The Pacers got balanced scoring, with five players in double figures and three — Paul George, George Hill, and Gerald Green — all getting 20-plus.

The Jazz were coming off of a nice win in Brooklyn the night before, but an effort like this tends to erase that memory pretty fast. “I don’t know if we can get past this quickly,” Utah guard Gordon Hayward said afterward, which is probably the appropriate response.
—Brett Pollakoff

Kings 131, Warriors 127: We had an old-fashioned shootout in Sacramento. There were 102 possessions (the league average is close to 94) and both teams shot 50 percent. The game was tied 118-118 with 2:13 left when the Kings when John Salmoms attacked off the dribble and Stephen Curry — who had 23 points in the second half and 32 for the game — picked up his sixth foul and went to the bench. That was followed by an Aaron Brooks three and a Marcus Thornton three (he had 19 points) to get the Kings the win. Sacramento was 11-of-19 from three and that was key in the game.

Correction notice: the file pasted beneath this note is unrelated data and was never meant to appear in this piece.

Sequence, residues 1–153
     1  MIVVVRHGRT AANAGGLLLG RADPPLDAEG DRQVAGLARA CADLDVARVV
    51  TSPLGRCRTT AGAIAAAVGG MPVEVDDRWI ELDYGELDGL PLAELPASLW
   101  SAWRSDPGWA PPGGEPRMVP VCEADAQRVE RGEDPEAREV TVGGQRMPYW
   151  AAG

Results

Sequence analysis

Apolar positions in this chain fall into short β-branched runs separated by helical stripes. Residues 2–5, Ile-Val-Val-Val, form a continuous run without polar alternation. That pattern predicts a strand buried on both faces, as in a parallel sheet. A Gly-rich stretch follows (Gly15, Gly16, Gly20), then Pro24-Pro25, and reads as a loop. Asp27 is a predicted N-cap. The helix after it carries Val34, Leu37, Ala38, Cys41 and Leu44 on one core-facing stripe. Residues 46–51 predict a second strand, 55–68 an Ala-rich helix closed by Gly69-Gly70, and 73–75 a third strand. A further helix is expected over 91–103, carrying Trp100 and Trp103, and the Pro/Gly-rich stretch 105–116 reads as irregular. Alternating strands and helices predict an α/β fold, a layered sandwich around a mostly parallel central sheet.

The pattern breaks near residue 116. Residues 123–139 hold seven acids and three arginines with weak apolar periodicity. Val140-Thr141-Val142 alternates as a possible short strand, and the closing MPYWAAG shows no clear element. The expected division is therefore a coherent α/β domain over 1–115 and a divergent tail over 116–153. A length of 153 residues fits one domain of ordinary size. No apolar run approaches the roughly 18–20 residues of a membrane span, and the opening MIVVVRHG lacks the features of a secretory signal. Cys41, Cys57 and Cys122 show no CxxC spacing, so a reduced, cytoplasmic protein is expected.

DeMarcus Cousins had 24 points and Brooks had 23 — and both took just 12 shots a piece. David Lee put u 29 points and eight rebounds for Golden State, while Jarrett Jack added 28 points.

Clippers 93, Hornets 77: After the Clippers picked up their 11th win in a row, owner Donald Sterling went into the Clippers locker room and led a “hip-hip hooray” chant. Seriously.

As for the game, the Clippers are just way more talented and it showed. Lob City was in full effect, Los Angeles was having fun. They led by 10 at the half and when the Hornets made a run to get it close in the third quarter the Clippers went on a 13-3 run and that was it. Chris Paul ended up with 10 points and 12 assists.